And yes, I used quote marks for "unisex" because once again, the fitting instructions for turning a flat-front men's shirt into a shaped front women's shirt is ... annoying. Once again, I cannot help but wonder WHY didn't they do two separate shirts? I don't think it's new news that (on average) mens' and women's torsos tend to be shaped differently. So why is a pattern maker trying to make one shirt pattern fit both?
At first, I thought maybe this was some Great Fitting Secret that no one has bothered to tell me ... then I got to actually using my last two working brain cells and recalled seeing women's shirt patterns without shaping. OK, so the transformation of a totally nonshaped shirt pattern to fit a woman's shape does has its usefulness.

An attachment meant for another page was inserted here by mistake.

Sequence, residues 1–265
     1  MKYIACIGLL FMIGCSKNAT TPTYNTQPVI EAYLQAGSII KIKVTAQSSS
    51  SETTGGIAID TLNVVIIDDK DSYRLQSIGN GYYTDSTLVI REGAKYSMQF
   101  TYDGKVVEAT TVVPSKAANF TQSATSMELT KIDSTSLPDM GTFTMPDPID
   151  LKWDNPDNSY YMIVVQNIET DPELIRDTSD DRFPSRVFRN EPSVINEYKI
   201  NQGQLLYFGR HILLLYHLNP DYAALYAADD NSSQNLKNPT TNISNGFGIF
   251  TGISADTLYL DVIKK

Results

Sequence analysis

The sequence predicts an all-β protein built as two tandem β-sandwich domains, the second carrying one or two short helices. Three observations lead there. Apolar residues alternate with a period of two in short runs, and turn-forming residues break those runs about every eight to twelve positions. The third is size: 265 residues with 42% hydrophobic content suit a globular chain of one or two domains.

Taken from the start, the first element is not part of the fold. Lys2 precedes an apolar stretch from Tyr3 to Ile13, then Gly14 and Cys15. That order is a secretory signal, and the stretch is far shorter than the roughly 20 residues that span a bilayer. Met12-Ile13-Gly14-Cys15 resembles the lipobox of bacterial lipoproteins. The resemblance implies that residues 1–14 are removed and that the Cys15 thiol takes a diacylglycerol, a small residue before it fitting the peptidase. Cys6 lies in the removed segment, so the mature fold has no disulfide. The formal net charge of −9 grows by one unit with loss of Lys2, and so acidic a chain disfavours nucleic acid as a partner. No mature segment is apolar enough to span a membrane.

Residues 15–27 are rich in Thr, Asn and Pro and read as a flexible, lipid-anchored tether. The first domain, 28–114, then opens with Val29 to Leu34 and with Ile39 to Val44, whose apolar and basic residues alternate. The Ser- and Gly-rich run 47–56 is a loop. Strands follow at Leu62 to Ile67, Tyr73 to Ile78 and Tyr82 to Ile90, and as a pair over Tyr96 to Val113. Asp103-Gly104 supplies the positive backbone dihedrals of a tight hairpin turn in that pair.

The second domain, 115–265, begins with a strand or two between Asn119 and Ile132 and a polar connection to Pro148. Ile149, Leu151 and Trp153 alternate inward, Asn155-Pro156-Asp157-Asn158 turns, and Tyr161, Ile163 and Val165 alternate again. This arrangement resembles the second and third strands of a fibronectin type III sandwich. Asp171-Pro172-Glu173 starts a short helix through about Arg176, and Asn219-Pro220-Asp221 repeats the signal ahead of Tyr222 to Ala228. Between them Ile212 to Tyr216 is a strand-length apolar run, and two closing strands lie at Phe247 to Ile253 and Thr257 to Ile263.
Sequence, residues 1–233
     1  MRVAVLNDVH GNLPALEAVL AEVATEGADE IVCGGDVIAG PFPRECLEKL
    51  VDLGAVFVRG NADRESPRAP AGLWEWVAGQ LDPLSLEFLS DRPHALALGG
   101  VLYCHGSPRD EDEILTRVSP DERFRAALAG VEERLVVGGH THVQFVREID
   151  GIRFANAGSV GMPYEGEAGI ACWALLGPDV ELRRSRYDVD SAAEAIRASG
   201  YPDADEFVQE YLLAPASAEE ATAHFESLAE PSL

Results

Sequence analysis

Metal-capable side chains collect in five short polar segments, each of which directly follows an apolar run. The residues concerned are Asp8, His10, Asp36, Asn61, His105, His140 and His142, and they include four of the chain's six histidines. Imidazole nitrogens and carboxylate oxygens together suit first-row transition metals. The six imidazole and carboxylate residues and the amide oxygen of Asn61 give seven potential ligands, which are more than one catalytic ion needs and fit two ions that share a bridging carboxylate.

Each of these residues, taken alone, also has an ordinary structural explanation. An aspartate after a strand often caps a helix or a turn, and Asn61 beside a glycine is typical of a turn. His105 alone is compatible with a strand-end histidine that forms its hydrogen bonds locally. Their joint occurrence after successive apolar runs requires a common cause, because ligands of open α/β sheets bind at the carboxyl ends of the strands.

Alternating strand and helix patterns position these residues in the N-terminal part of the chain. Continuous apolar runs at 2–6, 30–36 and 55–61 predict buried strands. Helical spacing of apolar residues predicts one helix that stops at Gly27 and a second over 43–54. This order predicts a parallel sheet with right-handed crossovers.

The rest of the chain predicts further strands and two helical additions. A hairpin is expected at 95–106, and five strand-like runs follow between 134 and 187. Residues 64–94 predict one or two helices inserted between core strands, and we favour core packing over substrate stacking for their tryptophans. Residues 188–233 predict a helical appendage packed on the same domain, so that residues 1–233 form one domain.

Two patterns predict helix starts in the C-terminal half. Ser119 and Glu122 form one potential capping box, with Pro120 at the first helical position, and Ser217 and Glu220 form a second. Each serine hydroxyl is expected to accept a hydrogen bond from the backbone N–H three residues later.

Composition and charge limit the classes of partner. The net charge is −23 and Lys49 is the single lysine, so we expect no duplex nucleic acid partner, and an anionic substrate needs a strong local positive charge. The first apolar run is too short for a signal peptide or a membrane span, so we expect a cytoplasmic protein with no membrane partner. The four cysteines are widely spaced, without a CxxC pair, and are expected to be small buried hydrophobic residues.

That being said ... I am making this shirt for my husband, who is the epitome of The Ultimate Easy Fitting. I still am a bit puzzled why there isn't a sheet for just the construction steps ... instead there is 8 pages (!) of fitting plus construction plus more fitting. Please, Palmer/Pletsch/McCall's ... please make a simple "cheat sheet" of just the construction steps, with asterisks (*) for where to consult fitting notes or just put this in as an addition.
Oh yeah, the official start pic, with what hubby considers color:
While I would love to participate in Peter's Mens Shirt Sew-Along, I am going to have to jump the gun on it. Hubby has been patiently waiting almost a month for this shirt. He really wants a nice warm flannel long sleeve shirt to wear around the house ... and I would like to get new fabric without hearing about "Now where will we put this?" So, I am starting this shirt today, as the evil white stuff starts to swirl through the air outside my windows ...